As a landscape historian, I seek to reveal hidden meanings and stories in the places around us – to bring historical landscapes, people and ideas to life. This is in a variety of ways – through guided history walks, illustrated online and in-person lectures, an established blog, informal talks, scholarly articles, posts on popular websites, and academic conference papers.
A Brit who has lived and worked in the US, France and India, I now call Sheffield in South Yorkshire home. As a student I obtained an MA with distinction from the Inchbald School of Design in London, and completed post-graduate studies in landscape design and history at Harvard’s Landscape Institute. My first book, Fresh Pond: the History of a Cambridge Landscape, was published by the MIT Press in 2009.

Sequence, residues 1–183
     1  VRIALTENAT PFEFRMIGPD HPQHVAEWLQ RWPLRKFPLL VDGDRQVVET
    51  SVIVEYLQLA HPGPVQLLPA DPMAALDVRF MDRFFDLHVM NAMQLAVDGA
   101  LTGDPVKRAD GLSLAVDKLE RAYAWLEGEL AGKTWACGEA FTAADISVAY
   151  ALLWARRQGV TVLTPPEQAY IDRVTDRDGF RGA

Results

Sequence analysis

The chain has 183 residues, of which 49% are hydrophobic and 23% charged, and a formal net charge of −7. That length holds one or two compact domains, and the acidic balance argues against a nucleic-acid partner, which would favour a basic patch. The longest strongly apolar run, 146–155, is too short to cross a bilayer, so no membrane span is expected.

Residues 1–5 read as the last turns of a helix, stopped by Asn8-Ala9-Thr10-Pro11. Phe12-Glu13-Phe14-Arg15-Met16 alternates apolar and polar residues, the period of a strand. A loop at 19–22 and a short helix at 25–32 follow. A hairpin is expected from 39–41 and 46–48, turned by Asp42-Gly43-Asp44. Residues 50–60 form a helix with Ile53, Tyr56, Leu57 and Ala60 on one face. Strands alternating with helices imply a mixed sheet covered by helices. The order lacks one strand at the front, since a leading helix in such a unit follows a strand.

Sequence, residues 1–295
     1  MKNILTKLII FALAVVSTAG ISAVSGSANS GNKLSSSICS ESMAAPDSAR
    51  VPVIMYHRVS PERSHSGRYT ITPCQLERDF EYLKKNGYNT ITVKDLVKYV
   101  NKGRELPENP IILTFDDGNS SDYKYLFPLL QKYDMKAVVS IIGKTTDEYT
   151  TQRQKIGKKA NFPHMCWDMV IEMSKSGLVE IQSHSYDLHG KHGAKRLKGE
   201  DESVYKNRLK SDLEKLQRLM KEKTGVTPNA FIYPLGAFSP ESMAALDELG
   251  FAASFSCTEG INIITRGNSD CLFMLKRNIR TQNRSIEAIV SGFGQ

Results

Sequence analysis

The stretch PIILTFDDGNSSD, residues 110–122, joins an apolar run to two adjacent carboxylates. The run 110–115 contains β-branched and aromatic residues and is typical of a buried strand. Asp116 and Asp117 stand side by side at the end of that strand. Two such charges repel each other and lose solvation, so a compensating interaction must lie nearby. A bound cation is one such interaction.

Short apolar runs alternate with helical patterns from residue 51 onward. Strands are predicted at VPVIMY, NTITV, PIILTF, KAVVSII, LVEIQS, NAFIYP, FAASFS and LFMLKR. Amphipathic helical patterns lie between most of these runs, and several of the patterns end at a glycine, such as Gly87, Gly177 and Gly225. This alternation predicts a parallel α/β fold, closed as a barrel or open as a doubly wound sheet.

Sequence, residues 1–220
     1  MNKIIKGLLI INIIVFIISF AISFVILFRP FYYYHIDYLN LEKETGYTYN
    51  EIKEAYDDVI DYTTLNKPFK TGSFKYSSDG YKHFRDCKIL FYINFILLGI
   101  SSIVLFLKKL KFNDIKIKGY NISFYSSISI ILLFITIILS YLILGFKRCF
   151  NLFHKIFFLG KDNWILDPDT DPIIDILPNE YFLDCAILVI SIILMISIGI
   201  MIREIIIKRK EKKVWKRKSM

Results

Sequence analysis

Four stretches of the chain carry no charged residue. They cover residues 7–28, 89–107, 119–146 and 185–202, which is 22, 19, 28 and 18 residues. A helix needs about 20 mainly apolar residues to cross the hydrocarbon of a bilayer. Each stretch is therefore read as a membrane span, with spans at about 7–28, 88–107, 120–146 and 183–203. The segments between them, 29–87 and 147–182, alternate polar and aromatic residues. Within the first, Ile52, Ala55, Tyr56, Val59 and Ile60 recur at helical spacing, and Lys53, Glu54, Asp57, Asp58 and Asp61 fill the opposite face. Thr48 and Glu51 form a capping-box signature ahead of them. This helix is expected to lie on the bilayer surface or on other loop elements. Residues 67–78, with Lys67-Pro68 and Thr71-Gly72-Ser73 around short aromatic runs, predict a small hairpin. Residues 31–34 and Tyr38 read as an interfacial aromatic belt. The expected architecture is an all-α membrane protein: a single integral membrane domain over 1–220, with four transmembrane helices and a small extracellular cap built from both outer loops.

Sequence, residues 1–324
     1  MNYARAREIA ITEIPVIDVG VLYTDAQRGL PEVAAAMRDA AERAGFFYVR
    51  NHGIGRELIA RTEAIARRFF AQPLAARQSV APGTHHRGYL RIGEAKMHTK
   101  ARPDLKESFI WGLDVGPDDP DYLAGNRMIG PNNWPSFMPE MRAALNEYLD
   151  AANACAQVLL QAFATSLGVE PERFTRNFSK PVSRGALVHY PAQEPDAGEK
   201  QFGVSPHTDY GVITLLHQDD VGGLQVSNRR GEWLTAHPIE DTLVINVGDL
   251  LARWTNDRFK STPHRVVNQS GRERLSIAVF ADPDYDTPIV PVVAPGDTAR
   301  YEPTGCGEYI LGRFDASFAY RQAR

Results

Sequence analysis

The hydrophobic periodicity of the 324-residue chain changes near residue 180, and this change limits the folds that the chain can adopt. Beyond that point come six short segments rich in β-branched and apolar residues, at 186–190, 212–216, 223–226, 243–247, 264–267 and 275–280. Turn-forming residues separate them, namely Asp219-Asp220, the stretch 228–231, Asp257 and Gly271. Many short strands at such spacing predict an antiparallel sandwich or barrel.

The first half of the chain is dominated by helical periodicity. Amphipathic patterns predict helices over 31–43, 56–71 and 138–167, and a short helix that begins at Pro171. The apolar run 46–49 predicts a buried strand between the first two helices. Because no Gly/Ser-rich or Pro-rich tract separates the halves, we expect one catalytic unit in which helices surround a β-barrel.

My research interests include international and cross-cultural issues in landscape studies, the changing values and significance of heritage sites, and the need to listen to forgotten voices in the history of gardens, horticulture and landscapes.
Recent work includes collaborating with The Gardens Trust to highlight stories in garden history that have been silenced by empire and enslavement, and contributing entries on significant Indian gardens for a Dorling Kindersley book. I also teach an online course on the history of English Landscape Gardens for Oxford University, and am a trustee of the Gardens Trust and the Historic Gardens Foundation.